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Canada - Salaries

The average salaries in Canada are higher than they are in the UK, US and European countries. This is mainly due to the strength of the Canadian dollar in recent years. In 2011 the average hourly wage for a male worker was $24.81. For a female worker the average hourly wage was slightly lower at $21.33. Part-time employees earned an average of $16.24 per hour while the average hourly rate for a full-time worker is the same as that of a male worker.

Overall, salaries do depend a great deal on the area that you are living in and the type of work that you are doing. By 2010 the average weekly wage for a worker in the forestry industry was $971. Those who worked in mining enjoyed a wage of almost double that amount at $1801 per week. Those working in construction could expect to see an average weekly wage of $1071. Workers in manufacturing earned a similar wage to those in the forestry industry but those in the retail industry earned almost half that amount at $501 per week. Hotel and restaurant staff earned even less again at $361 per week while those in administration could expect to earn $727 per week. Those in management positions earned on average $1105 per week and public servants earned an average of $1085 per week.

Each province operates a minimum wage system and this applies to adult workers. The rates do vary across the country. At the current time, the province of Alberta has set the minimum wage at $8.80 per hour while in British Columbia it is $8.75. Manitoba has a rate of $9.50 and this is the same in New Brunswick. Newfoundland and the Northwest Territories are set at $10 per hour. In Nova Scotia and Quebec the rate is $9.65 per hour and Nunavut has the highest rate at $11 per hour. Yukon and Prince Edward Island both have rates at $9 per hour and Saskatchewan has a rate of $9.25 per hour. Finally, Ontario has a minimum wage of $10.25 per hour.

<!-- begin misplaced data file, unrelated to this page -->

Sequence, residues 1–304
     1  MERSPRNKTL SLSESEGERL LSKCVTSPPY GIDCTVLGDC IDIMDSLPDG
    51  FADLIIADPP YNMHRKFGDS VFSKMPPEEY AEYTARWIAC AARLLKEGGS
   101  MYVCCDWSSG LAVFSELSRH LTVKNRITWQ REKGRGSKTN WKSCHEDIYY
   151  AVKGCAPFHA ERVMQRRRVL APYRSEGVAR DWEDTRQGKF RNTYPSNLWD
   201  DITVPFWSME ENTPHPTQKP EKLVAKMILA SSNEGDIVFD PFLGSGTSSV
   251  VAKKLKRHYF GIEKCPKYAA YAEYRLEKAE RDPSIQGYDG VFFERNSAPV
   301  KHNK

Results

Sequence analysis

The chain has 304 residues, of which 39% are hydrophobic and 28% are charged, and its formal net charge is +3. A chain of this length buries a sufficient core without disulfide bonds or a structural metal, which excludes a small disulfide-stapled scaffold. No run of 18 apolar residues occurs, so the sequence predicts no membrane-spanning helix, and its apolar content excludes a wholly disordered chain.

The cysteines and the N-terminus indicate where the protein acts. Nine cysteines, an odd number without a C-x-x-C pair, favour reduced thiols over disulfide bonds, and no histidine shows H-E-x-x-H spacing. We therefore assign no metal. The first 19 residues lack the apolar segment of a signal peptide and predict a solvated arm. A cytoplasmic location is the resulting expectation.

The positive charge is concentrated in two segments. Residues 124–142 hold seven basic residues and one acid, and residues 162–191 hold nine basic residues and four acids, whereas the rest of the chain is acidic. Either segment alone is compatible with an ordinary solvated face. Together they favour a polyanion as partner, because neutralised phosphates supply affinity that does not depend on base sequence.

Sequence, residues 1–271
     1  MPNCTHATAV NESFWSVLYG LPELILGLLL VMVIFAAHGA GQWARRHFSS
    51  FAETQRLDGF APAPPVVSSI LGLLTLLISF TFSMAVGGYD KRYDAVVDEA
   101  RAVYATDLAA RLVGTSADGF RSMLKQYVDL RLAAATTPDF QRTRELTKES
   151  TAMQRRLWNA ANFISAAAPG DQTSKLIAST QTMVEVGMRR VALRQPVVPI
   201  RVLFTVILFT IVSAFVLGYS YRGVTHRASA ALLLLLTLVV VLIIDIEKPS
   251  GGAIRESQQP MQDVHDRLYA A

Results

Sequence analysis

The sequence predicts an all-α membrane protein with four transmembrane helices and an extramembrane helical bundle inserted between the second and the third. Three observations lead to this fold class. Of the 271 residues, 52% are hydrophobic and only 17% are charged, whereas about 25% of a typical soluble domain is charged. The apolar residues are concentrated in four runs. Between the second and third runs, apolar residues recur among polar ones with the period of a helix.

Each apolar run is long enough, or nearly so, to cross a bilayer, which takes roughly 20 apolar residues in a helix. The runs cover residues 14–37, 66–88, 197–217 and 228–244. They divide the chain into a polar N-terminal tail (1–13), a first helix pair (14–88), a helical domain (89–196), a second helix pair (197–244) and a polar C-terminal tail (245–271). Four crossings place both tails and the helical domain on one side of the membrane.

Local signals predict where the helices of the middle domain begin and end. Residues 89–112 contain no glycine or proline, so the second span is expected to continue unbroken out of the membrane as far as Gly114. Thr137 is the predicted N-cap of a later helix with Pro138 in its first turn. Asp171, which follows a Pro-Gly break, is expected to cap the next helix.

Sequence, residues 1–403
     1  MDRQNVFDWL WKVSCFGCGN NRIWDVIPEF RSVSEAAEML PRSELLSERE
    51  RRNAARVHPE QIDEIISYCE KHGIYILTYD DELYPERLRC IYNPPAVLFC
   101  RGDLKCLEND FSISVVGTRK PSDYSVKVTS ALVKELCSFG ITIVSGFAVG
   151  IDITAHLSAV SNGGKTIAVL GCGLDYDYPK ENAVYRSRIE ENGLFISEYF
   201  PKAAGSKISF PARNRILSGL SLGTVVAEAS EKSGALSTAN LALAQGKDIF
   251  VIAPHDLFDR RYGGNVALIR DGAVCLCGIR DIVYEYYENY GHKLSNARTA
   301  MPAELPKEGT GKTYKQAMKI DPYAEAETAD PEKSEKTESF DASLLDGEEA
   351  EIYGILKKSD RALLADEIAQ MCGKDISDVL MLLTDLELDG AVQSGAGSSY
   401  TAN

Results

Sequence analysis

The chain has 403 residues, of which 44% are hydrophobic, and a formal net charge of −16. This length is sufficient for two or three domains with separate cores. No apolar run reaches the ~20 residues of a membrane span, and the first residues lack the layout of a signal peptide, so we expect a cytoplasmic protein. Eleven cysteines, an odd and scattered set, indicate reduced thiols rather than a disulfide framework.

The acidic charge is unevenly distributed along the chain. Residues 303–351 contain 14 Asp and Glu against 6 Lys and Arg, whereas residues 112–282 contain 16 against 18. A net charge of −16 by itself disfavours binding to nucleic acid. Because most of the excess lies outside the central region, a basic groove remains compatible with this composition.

Each of these areas has differing opportunities for workers. The territories which are in the very north of the country have much less in the way of population and industry, although mining workers will find that there opportunities in this field. Provinces such as British Columbia and Ontario have work opportunities in many fields and this should be taken into consideration.

The minimum wage system is subject to review on an annual basis and the latest rates should be checked with the provincial government. There are penalties for companies that try to employ staff at lower rates. However, in some states there is an ‘entry level’ minimum wage which is usually much lower. This will apply to the first 500 hours of your working life so is usually applied to those who are starting their first job. This equates to around 3 months and is on average 75% of the usual minimum wage. This is something that is set by the individual provinces so this can be checked with the government before you move to the country to see if this might affect you.

Most employers will choose to pay a rate which is higher than the minimum wage. In 2008 60% of workers who were on a minimum wage were women. If you have not completed high school level of education then you are five times more likely to earn only the minimum wage rate.

When the rates of pay of men and women in Canada are compared it can be clearly seen that men generally earn higher rates of pay than their female counterparts. A 2010 study showed that 43% of men earn a salary of more than $50,000 but only 25% of women are able to say the same. Pay rates of more than $100,000 apply to 4% of men but only 2% of women. It is also reported that 44% of female workers earn less than $35,000 each year but this salary level applies to only 25% of men. This is mainly due to the glass ceiling culture. While some companies are breaking this down it is still in existence in others and the majority of female workers in many companies are employed in administrative or support roles.

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